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Sexism in rap impedes female empowerment

Sexism in rap impedes female empowerment

Sexism in rap impedes female empowerment
September 19
18:38 2019

From its start in the Bronx, rap music in the ’70s allowed artists to express their ideas and views within their communities. Since then, it has been a uniting entity for all kinds of people and has cultivated a massive impact on culture.

However, it is still plagued with the agonizing issue of sexism.

How can a genre filled with voices against oppression obtain such strong sentiments of misogyny? Why are female rappers pitted against each other while male rappers are encouraged to collaborate? The industry forces female rappers like Nicki Minaj and Cardi B to be enemies, while it praises a male rapper like Drake for his work with fellow rapper Travis Scott, along with any other male rapper that decides to collaborate.

Sexism in rap is not a new thing.

The usage of demeaning messages in songs about women by widely-known artists has remained consistent throughout rap music. The older generations of rappers have passed the torch of misogyny to the newer generation of artists. When critically acclaimed artists make sexists remarks about women in their songs, it is often overlooked by fans who admire them for their outspokenness on social issues.

It is hypocritical for rappers like J.Cole to speak about oppression, only for them to refer to women in derogatory terms in the same breath. Society fails to distinguish the bigotry of certain artists simply because they are their favorite rappers. They choose to overlook their disrespectful lyrics for the sake of an enjoyable song with a “fire beat” or “hard flow.” The ability of such songs to garner great sales despite their bigoted messages is proof that sexism is embedded in the genre.

A tactic used against women in the industry is the push of intense feuds against female rappers from Lil Kim and Foxy Brown in the late ‘90s and to more recently, Nicki Minaj and Cardi B in 2017. These feuds are made to polarize women of the industry as well as tarnish the thought of female empowerment being able to exist in the space of rap music.

Foxy Brown and Lil Kim are two of the most iconic female rappers in history, who both grew up in Brooklyn and eventually rose to fame in the 1990s. Their debut albums were released only a week apart, so fans and the media were quick to compare the two rappers both commercially and musically. According to an article by Ranker, their presence in rap music was seen as a threat because they introduced the “conversation of women dominating,” making it clear to male rappers that they were here to stay.

Despite them being friends prior and during their elevation to fame, their need to reserve a spot for themselves in a male-dominated industry drew a firm wedge between them.

During the late ‘90s, Brown and Kim were offered the opportunity to put their feud to rest by collaborating on an album titled “Thelma and Louise.” However, both artists rejected the deal. This missed opportunity would only allow the industry to further antagonize them in each other’s eyes and erase the possibility of them sharing impeccable success.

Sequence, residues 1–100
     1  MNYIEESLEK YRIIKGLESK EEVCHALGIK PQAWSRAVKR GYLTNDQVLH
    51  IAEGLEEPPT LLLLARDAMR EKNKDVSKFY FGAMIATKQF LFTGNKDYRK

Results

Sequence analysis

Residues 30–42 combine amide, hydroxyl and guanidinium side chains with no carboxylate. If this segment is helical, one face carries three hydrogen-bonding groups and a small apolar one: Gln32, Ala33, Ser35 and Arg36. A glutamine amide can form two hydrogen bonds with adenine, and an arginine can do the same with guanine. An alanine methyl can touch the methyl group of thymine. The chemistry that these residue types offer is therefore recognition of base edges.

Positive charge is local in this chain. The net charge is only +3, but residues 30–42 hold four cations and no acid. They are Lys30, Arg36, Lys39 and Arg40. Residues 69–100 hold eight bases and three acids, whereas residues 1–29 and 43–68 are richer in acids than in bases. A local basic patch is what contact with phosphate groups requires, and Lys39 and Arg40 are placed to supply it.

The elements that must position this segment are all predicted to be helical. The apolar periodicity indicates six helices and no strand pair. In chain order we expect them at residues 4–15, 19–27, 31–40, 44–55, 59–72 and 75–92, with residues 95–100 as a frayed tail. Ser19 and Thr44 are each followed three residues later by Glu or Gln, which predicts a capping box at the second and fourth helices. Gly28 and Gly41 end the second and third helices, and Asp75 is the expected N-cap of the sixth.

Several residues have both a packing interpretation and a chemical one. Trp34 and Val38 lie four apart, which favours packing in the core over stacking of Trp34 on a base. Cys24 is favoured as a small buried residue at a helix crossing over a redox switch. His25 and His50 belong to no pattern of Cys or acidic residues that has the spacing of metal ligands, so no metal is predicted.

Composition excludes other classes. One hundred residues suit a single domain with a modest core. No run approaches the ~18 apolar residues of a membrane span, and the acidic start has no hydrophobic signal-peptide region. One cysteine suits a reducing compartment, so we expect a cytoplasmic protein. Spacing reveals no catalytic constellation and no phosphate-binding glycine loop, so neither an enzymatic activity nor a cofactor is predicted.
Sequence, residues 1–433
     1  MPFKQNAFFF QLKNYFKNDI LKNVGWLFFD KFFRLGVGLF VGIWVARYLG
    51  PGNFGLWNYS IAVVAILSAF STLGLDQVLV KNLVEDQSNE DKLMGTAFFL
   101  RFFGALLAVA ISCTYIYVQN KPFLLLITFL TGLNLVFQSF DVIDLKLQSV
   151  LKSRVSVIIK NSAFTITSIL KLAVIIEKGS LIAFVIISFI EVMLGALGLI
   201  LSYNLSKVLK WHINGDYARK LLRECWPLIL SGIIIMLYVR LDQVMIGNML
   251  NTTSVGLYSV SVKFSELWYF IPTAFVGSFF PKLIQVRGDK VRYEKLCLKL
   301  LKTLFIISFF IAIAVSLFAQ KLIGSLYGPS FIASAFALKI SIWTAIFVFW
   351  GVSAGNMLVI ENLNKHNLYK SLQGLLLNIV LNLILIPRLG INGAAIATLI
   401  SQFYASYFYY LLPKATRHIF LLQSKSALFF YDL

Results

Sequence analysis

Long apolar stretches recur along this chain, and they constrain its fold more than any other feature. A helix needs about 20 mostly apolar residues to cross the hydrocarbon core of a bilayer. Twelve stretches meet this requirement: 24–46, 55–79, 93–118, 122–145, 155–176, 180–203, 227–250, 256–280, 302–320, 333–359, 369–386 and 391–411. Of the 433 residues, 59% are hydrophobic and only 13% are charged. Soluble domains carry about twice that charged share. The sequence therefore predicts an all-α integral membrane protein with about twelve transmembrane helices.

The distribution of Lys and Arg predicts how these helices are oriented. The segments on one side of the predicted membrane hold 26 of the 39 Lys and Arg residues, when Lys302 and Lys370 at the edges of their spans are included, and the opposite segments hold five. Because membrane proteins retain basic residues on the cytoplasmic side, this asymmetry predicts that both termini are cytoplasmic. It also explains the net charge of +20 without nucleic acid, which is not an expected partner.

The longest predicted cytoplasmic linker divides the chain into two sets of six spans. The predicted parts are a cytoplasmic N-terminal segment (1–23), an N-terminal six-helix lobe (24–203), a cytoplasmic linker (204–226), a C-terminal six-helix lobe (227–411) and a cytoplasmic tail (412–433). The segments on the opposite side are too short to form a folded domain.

Similarly, the thought that more than one female rapper cannot exist in a heavily male-dominated industry brought about the unnecessary feud between Nicki Minaj and Cardi B in 2017.

The conditioned notion that the industry can only have one successful female rapper is a dangerous principle that has served the idea of female unity in rap. Nicki Minaj accelerated to fame with her debut single “Massive Attack” in 2010. Minaj’s animated rapping style, unique wordplay and “barbie” like persona are what set her apart from other artists of her time.

Minaj is commonly known as the “Queen of Rap” because of her significant success as a female rapper. It wasn’t until the emergence of Cardi B in 2017, that her title became challenged. The presence of Cardi B welcomed numerous comparisons between the two rappers by the media and other artists in the industry.

The success of Cardi B’s 2017 hit, “Bodak Yellow,” put her up against Minaj as a strong competitor, enabling a feud between the two to commence. In my eyes, both rappers are incredible musically in their own style and what could have been an iconic female duo, was erased by a conditioned patriarchal concept.

Unlike female rappers, male rappers are not tormented with the pressure of having to work “twice as hard” to get half the success of their counterparts. Furthermore, male artists are not polarized by the media nor by the industry that already overlooks them.

Male rappers are constantly hyped up to collaborate, and when they do, it is always seen as historic. To this day, and despite them not working together anymore, Kanye and Jay-Z’s joint 2011 album “Watch The Throne” is deemed as one of the most iconic albums in rap music. The same response is not given to female rappers, though. Even if they do a collaboration, it won’t be seen as monumental as the work of male collaborations.

The rap industry, as well as the media, needs to eliminate the old patriarchal view that more than one woman cannot possibly coexist with another and succeed in such a male-dominated field. There is no need to pit female rappers against each other when there is plenty of room for all of them to flourish.

Featured Illustration: Jae-Eun Suh

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Michelle Monari

Michelle Monari

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